Merlin D. Burt, PhD, is the director of the Ellen G. White Estate in Silver Spring, Maryland, United States.

Ellen G. White wrote, “I claim to be simply a messenger of God.”1 She went through an intense conversion process during her childhood and early teenage years. Through it, she came to know Jesus as her Savior. Beginning in December 1844, her first visions had a distinctive emphasis on the redemptive love of God revealed through Jesus. As a result, her early writings and ministry uniquely focused on the cosmic conflict between God and Satan, beginning with the Son of God “pleading with His Father” and obtaining “permission to give His own life as a ransom for the race” to the future when “the pearly gates of the New Jerusalem are thrown open and swing back on their glittering hinges, and the glad and joyful voice of the lovely Jesus is heard, richer than any music that ever fell on mortal ear, bidding us to enter.”2 Her lifelong presentation of this theme would lead to the current five-volume Conflict of the Ages series. She wrote almost continuously on this subject from 1858 until the end of her life in 1915.

A vision of the conflict

On Sunday, March 14, 1858, at a little schoolhouse in the small farming community of Lovett’s Grove, Ohio, USA, Ellen White received a two-hour vision presenting an expansive view of the ongoing spiritual conflict between Christ and Satan. White later recollected: “As I was led to speak upon the coming of Christ and the resurrection and the cheering hope of the Christian, my soul triumphed in God. I drank in rich draughts of salvation. Heaven, sweet heaven, was the magnet to draw my soul upward, and I was wrapt in a vision of God’s glory.”3 The setting was a funeral for a thirteen-month-old boy named John. His parents, William and Betsy Avery, were not yet believers. As the vision continued, the family left to bury their little boy, but quite a few people remained in the schoolhouse until the vision ended.4 As for the Averys, they soon accepted the Sabbath and remained faithful Seventh-day Adventists for the rest of their lives.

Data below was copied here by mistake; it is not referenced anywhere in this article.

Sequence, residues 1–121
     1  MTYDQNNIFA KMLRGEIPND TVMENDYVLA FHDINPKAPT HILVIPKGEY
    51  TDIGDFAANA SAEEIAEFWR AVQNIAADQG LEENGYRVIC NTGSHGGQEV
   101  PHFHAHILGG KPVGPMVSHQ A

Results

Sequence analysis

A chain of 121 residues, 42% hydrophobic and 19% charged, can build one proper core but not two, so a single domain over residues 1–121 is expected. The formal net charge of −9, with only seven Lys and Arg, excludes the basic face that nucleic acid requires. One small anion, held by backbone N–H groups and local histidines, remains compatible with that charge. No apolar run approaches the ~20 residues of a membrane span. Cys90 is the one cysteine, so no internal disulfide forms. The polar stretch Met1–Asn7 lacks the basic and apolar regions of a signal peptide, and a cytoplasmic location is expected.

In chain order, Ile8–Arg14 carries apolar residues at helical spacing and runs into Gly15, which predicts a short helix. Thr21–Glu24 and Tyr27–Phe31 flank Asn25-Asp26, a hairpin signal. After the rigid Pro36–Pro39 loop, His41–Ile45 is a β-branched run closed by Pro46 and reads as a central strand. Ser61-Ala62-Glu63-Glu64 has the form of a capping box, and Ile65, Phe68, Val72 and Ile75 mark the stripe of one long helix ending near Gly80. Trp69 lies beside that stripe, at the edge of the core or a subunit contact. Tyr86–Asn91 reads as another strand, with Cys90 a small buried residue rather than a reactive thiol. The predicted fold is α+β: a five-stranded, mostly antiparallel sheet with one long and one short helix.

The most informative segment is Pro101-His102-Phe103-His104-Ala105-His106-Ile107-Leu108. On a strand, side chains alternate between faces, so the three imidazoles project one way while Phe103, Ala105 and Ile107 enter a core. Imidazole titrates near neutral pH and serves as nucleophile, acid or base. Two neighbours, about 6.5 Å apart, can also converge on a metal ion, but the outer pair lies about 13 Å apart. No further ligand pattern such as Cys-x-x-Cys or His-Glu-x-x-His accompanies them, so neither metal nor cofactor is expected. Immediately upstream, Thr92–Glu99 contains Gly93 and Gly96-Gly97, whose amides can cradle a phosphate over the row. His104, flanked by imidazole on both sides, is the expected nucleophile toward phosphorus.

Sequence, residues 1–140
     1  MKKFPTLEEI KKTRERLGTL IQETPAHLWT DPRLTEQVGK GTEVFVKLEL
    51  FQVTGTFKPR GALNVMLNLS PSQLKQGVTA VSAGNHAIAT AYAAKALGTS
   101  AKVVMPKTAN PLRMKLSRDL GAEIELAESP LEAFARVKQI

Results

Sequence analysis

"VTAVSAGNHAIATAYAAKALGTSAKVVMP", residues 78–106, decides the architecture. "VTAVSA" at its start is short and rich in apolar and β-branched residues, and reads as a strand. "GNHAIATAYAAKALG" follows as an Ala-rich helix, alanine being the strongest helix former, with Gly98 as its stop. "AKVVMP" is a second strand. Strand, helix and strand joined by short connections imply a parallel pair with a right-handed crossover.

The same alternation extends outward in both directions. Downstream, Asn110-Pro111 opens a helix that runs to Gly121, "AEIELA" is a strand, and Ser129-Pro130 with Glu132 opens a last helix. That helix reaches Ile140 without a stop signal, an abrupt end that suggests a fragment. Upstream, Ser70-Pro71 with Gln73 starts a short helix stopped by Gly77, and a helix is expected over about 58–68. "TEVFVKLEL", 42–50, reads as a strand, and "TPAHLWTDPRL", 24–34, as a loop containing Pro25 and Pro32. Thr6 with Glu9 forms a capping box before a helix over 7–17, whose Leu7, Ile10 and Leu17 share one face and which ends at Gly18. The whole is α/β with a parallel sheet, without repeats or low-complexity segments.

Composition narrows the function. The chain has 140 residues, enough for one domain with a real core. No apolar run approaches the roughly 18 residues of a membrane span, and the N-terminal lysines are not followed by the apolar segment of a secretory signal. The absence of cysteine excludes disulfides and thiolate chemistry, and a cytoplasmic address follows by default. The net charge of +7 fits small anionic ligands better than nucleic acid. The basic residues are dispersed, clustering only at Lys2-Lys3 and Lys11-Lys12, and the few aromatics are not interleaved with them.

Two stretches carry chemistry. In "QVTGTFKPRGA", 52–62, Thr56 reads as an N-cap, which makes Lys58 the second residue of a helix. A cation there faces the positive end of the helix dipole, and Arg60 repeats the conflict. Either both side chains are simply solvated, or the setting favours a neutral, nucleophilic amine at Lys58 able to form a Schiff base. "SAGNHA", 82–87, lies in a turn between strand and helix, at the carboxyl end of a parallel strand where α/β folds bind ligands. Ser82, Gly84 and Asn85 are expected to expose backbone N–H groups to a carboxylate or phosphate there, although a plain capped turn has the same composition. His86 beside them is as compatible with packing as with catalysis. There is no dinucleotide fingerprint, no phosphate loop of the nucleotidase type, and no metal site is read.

Ellen White first published what she had received in this vision in a little book titled Spiritual Gifts.5 That single volume would expand to four by 1864. This first version of the great controversy theme then developed into a second series of four books titled The Spirit of Prophecy.6 Published between 1870 and 1884, it had 1,706 pages of material. Volume 4, released in 1884, contains content similar to what appears in The Great Controversy. This last book, containing important information on the end of time, was so appreciated that between 1884 and 1888, Adventist publishing houses produced ten editions totaling 50,000 copies. The third edition received an attractive green cover and was illustrated with 22 lithographic images and a picture of Ellen White. Colporteurs sold it widely.

A third series

After traveling to Europe between 1885 and 1887, Ellen White was led by God to begin a third series of books on the great controversy theme. She wrote and published the Conflict of the Ages between 1888 and 1916. Its five volumes total 3,760 pages, including the indexes.

The Great Controversy Between Christ and Satan During the Christian Dispensation came off the press in 1888. Prepared especially for the public, it included an appendix (not authored by her) with additional information. First published as a colporteur book, it had an attractive cover and illustrations. Many thousands of copies were sold between 1888 and 1907. The publishers had to repair the printing plates for the 1907 edition due to their overuse, but Ellen White realized that it would soon be necessary to create new ones. In 1910, she began revising the book, making minor improvements in the text and expanding the appendix. Published in 1911, her revised edition is essentially the same as the current edition of The Great Controversy, although the appendix has been updated through the years.

The second book of the Conflict of the Ages series was Patriarchs and Prophets.7 Published in 1890, this book was also released as an illustrated colporteur book. It covered the period from when sin began in heaven with the rebellion of Lucifer through the creation of the world, Adam and Eve’s sin, the universal Flood, the stories of Abraham and Moses, and the history of the Israelites up to the end of David’s life.